Lootere Review: A Gripping Thriller

Hotstar’s latest show, Lootere, will take you to the murky world of Somalia, where crime is the order of the day and law and order have taken a convenient backseat. The show is about Somalian pirates (no, they aren’t as goofy as Captain Jack Sparrow) who otherwise live pitiful lives. It is reportedly based on the true incident of 2017 when an Indian ship was similarly hijacked on Somalian waters by pirates.

The first scene of Lootere gives a preview of what comes along thrill, adventure, cat and mouse chase, tons of action sequences, and lots of adrenaline rush. A lot of local Somalians are running towards the shore, some of whom have ammunition. It seems like they are all going on a mission. The captivating background music adds to the urgency that the makers are trying to create.

The first main character we meet is Vikrant (Vivek Gomber), an Indian businessman who has spent all his life in Somalia and is yet standing at the receiving end of discrimination and hatred from the localities. Before you start sympathising with him, it is worth mentioning that there might be other reasons for it as well: he is the President of the port organisation and has many illegal activities going under his wing. This is, of course, besides the fact that he is a money-minded asshole who has somewhat gotten his emotional fuse dismantled. He strongly relies on the philosophy of his father-in-law (from whom he has inherited his illegal business empire) that it is better to be a king in hell than a servant in heaven.

Vikrant is contending for the presidency of the port and needs lots of funds to lure the votes and clear his loans. One such piggy bank that he is relying on is the Ukrainian ship which is bringing an illegal consignment to Sonalia’s Mogadishu for him. The ship has 13 crew members, including the savage Captain (Rajat Kapoor), a Pakistani crewmate, and two women – one of whom is pregnant.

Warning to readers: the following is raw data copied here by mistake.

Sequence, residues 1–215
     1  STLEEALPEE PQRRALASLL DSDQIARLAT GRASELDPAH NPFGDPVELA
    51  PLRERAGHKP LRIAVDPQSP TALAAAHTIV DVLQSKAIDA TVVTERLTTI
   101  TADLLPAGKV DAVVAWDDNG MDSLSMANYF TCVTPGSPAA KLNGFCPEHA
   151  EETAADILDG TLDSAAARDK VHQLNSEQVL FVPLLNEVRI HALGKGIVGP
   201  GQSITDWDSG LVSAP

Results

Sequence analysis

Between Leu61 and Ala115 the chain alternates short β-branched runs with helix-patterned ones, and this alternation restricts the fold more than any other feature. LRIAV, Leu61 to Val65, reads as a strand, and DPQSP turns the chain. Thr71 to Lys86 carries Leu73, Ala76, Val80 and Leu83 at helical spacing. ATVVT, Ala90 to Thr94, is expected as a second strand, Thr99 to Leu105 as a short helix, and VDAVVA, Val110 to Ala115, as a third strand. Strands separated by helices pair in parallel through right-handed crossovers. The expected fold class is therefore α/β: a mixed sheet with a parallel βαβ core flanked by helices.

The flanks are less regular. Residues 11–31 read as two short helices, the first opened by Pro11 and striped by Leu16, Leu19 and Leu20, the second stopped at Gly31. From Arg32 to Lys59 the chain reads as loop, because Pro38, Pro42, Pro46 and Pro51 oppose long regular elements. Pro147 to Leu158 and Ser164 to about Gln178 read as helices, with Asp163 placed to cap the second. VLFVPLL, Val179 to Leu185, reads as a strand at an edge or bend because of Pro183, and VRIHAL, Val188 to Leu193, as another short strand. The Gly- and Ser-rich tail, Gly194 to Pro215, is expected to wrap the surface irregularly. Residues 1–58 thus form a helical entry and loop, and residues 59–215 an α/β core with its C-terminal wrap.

As the information of illegal consignment on the ship goes out, Vikrant’s enemies get ready to get this reported so that the ship is inspected on reaching Mogadishu, leading to Vikrant’s presidency being nulled.

One of Vikrant’s partners offers the unique solution of getting the ship hijacked and retrieving the priceless consignment midway before it reaches the enemies: an offer Vikrant agrees to without even listening to the entire plan.

Thus, kickstarts a series of thrilling sequences.

Lootere Review: Nuanced Performances by the Cast

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Vivek Gamber plays a corrupt Indian businessman in Somalian waters

Lootere’s cast has done an impressive job. I particularly liked Rajat Kapoor’s ship Captain. Although there wasn’t much scope for emotional diversity to explore, he nailed the parts of a leader who knows how to keep his team calm under distress. His character also knew how to shoot subtle sarcasm, even with pirates jumping around.

Vivek Gomber and Amruta Khanvilkar’s performances are also worth noting. While Amruta’s character will make you appreciate her bravery, Vivek will make you feel all kinds of emotions: anger, hatred, frustration.